Over the summer the Morning Star reported on a new study showing that major fashion brands were complicit in union-busting by third world suppliers in the garment industry. Morning Star editor Ben Chacko spoke to IndustriALL general secretary Valter Sanches to find out what trade unions can do to tackle abuses stretching across international supply chains

From the Morning Star September 15th

The Covid-19 crisis and the lockdowns imposed as a result hit the garment industry hard, causing order cancellations and job losses in producer countries.

What can trade unions do to press brands to shield suppliers from the risk of a sudden loss of income that they pass onto their workers?

“This problem emerged early in the pandemic. In April many brands endorsed a call to action, a tripartite initiative led by the International Labour Organisation (ILO) with a commitment by brands to pay for finished goods and goods in production.

“Brands that haven’t endorsed the call should be pressed to do so,” Sanchez says.

“But one of the main issues for the sector is that it lacks a sectoral approach to industrial relations. Sector-wide collective bargaining is rare, which means hundreds of unions negotiating with thousands of employers.

“A rare exception is South Africa, where the textile and garment union (SACTWU) has a long tradition of nationwide collective bargaining and won a full pay guarantee by working out a deal with the employer body and the government. This was possible because of tripartite bargaining.”

Sanches says IndustriALL has worked long-term with the ACT (Action, Collaboration, Transformation) initiative, which seeks to secure “agreement between global brands and retailers and trade unions to transform the garment, textile and footwear industry and achieve living wages for workers through collective bargaining.”

“We use the commitments brands have made through global framework agreements, the call to action, ACT and other initiatives to hold them accountable.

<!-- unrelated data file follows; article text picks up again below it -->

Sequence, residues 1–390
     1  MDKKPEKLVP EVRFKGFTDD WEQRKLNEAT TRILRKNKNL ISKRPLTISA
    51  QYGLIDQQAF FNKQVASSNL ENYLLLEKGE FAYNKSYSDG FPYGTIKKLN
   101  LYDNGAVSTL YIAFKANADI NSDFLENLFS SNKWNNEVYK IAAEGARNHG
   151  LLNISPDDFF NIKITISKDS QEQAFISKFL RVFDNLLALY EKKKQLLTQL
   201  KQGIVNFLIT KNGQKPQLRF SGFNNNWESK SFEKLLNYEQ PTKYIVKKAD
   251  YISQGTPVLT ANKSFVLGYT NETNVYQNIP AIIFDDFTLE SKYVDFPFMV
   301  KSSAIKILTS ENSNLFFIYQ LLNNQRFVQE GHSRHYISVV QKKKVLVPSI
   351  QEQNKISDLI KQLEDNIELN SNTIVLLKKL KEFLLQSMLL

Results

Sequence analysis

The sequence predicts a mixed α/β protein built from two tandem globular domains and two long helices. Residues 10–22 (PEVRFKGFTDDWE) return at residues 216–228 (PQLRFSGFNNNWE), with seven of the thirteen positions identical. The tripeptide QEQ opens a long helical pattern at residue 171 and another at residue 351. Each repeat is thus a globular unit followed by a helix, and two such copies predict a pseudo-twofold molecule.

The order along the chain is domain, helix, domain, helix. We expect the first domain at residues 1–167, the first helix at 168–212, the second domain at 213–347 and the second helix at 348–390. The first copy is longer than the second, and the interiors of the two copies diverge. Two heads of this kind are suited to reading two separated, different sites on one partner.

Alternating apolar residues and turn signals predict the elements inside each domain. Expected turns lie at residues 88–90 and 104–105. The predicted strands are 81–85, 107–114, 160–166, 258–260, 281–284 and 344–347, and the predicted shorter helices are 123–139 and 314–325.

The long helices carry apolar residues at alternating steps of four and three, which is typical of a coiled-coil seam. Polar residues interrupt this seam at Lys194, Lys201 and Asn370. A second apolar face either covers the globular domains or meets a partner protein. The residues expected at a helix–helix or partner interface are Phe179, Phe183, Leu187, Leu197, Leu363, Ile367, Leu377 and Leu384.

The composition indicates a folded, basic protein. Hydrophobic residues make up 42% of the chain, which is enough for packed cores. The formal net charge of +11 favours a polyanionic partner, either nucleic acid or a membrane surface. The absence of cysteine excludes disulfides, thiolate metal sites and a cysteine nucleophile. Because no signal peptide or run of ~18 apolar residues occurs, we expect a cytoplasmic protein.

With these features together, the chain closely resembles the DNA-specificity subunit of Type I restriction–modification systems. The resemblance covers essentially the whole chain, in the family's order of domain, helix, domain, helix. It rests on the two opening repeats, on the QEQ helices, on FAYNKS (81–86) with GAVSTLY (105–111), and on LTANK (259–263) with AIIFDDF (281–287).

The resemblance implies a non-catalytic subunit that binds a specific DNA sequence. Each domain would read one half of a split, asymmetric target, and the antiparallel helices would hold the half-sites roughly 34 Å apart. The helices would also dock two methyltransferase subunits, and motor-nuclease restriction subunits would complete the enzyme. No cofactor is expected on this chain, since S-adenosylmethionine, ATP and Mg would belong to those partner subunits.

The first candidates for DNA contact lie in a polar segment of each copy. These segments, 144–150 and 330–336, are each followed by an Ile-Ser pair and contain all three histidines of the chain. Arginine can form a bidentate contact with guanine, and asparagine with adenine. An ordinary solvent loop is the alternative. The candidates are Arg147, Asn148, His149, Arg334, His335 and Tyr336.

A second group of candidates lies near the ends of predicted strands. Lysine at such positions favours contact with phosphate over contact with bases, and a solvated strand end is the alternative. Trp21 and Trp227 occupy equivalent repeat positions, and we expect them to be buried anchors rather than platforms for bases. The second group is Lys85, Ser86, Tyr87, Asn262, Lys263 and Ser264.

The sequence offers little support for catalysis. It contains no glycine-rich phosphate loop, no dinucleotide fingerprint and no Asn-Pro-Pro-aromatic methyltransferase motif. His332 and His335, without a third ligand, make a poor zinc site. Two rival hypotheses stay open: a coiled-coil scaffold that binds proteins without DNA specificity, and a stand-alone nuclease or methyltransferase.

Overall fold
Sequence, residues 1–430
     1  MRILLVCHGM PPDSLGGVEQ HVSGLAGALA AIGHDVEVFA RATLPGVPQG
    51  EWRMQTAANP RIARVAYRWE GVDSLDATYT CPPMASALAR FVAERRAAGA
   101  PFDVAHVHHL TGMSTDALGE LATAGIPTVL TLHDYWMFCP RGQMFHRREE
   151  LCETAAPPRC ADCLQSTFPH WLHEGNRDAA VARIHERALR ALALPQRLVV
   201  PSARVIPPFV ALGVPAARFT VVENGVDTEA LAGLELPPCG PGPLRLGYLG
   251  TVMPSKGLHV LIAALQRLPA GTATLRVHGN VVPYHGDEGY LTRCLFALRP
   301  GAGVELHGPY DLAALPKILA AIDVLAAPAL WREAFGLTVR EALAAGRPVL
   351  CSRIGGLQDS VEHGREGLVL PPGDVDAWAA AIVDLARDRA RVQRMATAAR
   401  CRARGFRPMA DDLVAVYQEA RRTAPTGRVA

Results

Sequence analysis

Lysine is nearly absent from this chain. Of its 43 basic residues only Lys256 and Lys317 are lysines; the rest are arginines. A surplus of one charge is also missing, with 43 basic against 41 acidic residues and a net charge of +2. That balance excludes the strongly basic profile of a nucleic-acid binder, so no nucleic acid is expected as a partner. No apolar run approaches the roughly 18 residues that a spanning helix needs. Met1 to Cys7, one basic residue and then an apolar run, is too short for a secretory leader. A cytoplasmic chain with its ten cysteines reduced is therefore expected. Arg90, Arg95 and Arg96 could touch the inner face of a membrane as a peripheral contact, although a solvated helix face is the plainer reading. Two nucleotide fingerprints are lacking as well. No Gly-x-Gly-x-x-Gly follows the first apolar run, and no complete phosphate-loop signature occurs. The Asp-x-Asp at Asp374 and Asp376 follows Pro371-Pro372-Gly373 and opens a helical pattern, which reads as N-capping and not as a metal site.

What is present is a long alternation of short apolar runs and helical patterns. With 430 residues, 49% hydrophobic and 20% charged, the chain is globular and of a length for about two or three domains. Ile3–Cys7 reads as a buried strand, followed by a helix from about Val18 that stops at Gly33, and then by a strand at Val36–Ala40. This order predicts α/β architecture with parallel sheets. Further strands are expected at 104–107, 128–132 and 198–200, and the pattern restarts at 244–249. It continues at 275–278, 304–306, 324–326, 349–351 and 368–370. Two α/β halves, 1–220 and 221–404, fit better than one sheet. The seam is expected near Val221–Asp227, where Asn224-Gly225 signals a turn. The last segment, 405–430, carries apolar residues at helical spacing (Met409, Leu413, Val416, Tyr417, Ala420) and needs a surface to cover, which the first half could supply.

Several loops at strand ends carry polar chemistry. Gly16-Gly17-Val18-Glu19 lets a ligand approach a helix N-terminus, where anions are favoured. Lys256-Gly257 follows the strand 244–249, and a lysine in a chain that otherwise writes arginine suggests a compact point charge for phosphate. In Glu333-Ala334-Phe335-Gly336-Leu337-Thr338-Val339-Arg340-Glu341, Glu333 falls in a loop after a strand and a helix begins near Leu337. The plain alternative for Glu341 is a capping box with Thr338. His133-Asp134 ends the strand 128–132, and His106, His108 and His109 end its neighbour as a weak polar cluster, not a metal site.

“When our affiliates in countries like Cambodia, Bangladesh and Myanmar raise issues, we bring the parties together in an attempt to find a resolution, with many cases solved.

“Our executive committee approved in June the need for a broader global campaign targeting the bad payers in the sector.

“We have the support from UNI Global Unions that will join us on that and we’ll certainly count on the support from various NGOs.”

These approaches involve persuading brands to come on board. Yet Human Rights Watch says that “brand approaches to sourcing and purchasing are not merely a threat to a factory’s financial bottom line.

“They incentivise suppliers to engage in abusive labour practices … this means that brand practices in these areas directly undercut their own efforts to insist on rights-respecting working conditions across their supply chains” (because brands are always looking for faster, cheaper supplies).

Sanches agrees that “in general the requirement to maximise value for shareholders conflicts with commitments to corporate social responsibility. Companies are all bound by the same market forces, and this can reward bad actors with a competitive advantage.

“The buyer-supplier relationship is very complex. It also lets the manufacturers off the hook. While many are small manufacturers, there are others that are large multinationals, and sometimes they attack workers’ rights or try to break unions despite an explicit commitment from a brand to freedom of association.

“The complex and opaque supply chain is the bigger problem, as it allows bad actors to be hidden by obscurity.

“One key part of IndustriALL’s work is to develop trade union networks at key multinational manufacturers, and we are currently working on a trade union network at the British multinational COATS.

“Reforming brands’ purchasing practices are an important part of the work, but the entire sector needs to be overhauled. This is what we are doing with the ACT initiative.
“ACT is building tripartite (unions, employer body and government) sector-wide collective bargaining in supplier countries, supported by brands and global unions.

“For instance, ACT brands pledge to maintain a certain level of production in a country and not leave to seek cheaper factories to avoid a collectively bargained wage rise.”